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A New V12 Era For Aston Martin Begins, Will Debut In New Flagship Model

by | May 1, 2024

2007 Aston Martin Vanquish S was the last of the original V12s until being revived for 2012. Photo credit: RM Sothebys

The V12 is not dead, as Aston Martin reveals its newest powerplant and hints at where it may be used.

Look for a new V-12-powered Vanquish to once more top the Aston Martin lineup, as the boutique British sports car manufacturer continues to build on its 25-year history of producing V-12-powered sports cars.

The new twin-turbocharged engine is rated at 835 PS (824 horsepower) and 1,000 NM (738 foot-pounds) of torque and will debut in a new flagship model.

According to the company, when it’s introduced in a production car, “all will be vanquished,” giving little doubt as to what the new flagship will be named.

Aston Martin Chief Technical Officer Roberto Fedeli

“The V12 engine has long been a symbol of power and prestige, but it is also a statement of engineering passion and technical prowess,” said Aston Martin Chief Technical Officer Roberto Fedeli, in a statement. “This unparalleled engine represents nothing less than the dawn of a dazzling new V12 era for Aston Martin.”

The new powerplant features a strengthened cylinder block and conrods, redesigned cylinder heads, reprofiled camshafts, along with new intake and exhaust ports. Repositioned spark plugs and greater flowrate fuel injectors increase its performance while improving its efficiency. Moreover, throttle response and performance have been improved through the use of higher speed, reduced inertia turbochargers.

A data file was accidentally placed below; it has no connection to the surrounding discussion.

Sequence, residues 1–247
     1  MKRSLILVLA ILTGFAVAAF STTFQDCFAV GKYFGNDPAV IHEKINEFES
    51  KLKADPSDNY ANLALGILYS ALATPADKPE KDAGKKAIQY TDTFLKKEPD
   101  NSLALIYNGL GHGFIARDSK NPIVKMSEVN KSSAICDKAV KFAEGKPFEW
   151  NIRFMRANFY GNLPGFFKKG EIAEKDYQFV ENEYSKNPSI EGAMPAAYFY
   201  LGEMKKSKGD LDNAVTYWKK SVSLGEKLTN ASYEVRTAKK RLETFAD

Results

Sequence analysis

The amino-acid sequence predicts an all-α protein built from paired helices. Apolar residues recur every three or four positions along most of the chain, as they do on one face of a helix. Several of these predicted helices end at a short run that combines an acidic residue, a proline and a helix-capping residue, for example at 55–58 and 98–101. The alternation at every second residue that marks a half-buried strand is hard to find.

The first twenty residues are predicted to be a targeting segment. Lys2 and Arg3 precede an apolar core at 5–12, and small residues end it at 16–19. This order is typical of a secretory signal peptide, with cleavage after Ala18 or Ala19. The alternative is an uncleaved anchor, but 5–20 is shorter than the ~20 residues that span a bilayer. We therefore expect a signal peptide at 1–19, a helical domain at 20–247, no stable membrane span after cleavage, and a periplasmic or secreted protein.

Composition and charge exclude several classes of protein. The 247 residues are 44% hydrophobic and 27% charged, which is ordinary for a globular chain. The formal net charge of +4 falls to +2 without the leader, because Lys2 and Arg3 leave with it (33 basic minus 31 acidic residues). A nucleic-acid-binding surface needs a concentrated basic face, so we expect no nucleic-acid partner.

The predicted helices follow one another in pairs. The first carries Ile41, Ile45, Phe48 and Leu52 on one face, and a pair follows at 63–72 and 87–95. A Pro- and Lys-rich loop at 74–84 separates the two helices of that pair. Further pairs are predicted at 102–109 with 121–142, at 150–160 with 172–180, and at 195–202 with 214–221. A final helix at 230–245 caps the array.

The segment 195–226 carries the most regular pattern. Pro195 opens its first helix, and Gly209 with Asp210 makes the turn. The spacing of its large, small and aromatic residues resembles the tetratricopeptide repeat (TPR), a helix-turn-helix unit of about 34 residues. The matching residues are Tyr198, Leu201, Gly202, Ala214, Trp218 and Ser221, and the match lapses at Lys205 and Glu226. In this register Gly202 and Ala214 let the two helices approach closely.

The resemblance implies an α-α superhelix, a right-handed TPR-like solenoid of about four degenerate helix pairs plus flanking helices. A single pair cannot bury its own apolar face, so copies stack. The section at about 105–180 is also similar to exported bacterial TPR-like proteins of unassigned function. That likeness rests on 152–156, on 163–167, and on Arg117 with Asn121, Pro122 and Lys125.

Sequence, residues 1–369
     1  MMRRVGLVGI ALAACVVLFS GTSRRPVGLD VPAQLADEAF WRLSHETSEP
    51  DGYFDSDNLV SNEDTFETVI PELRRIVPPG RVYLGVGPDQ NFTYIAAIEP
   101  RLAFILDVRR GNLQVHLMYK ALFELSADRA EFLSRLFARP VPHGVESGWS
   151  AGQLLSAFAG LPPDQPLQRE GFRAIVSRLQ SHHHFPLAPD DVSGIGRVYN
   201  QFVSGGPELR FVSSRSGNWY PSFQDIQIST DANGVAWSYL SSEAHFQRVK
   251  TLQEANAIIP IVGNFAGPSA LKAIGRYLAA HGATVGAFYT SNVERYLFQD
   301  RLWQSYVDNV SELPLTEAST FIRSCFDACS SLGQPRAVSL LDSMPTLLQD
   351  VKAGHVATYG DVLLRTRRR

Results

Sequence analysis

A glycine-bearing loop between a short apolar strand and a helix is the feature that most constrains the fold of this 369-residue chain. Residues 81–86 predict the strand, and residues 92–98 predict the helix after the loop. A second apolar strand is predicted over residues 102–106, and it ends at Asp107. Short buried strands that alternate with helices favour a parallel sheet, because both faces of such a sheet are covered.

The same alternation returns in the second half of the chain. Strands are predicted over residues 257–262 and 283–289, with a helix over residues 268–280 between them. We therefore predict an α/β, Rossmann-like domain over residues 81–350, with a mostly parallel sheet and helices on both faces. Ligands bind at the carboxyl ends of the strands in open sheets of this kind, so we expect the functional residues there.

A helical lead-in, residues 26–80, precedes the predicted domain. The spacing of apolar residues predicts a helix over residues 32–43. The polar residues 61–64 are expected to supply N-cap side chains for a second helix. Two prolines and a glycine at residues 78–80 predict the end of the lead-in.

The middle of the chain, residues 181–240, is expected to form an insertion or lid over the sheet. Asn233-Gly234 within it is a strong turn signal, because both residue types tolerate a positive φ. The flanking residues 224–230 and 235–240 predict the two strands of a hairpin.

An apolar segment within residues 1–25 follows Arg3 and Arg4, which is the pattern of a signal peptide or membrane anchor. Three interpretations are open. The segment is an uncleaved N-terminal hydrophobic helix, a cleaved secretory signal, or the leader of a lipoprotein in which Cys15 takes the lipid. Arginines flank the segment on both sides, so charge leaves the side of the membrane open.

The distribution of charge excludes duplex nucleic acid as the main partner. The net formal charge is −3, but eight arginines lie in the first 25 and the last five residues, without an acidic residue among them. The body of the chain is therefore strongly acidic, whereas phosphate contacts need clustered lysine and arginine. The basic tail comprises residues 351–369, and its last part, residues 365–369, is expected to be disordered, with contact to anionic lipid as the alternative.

Look for the engine to be used in Aston Martin’s most exclusive models, including the new flagship. The company promises it will be “a true dynamic disruptor” when it arrives later this year.

No further details were disclosed.


2001 Aston Martin Vanquish prototype. Photo credit: RM Sothebys

Aston Martin introduced its first 12-cylinder powerplant in 1999, when the company was owned by Ford Motor Company. Displacing 6 liters and producing 420 horsepower through either a six-speed manual or five-speed automatic, its arrival marked the end of V8-powered Aston Martins at the time. The engine arrived just before the introduction of the 2001 Vanquish, the company’s new flagship model. Designed by Ian Callum, who would go on to lead Jaguar design, the Vanquish’s looks were derived from the Zagato-bodied 1960 Aston Martin DB4 GT. Boasting a 460-horsepower V12 and six-speed manual, its body employed an aluminum monocoque bonded to a carbon fiber center tunnel for light weight and high rigidity.

Aston would build 1,489 units through 2005, when it was replaced by the Vanquish S, which saw its power rating rise to 520 horsepower, allowing for 200+ mph top speeds. Styling was revised as well, with a larger grille, front splitter, and a raised rear spoiler integrated into the trunk lid. In 2007, the company announced the end of the Vanquish with a 40-unit run of the V12 Vanquish S Ultimate Editions.

2001 Aston Martin Vanquish. Photo credit: RM Sothebys

The Vanquish S was revived in 2012, and featured a 588-horsepower V12 mated to a 7-speed automatic transmission from Mercedes-Benz. It featured an all carbon fiber body and 565 horsepower. Power rose to 568 in 2014, increasing to 595 horsepower on the 2017 Vanquish S. Production would end by 2019, and the name has remained dormant since then.

But Aston Martin’s finest GT car looks as if it’s about to reappear and we couldn’t be happier.


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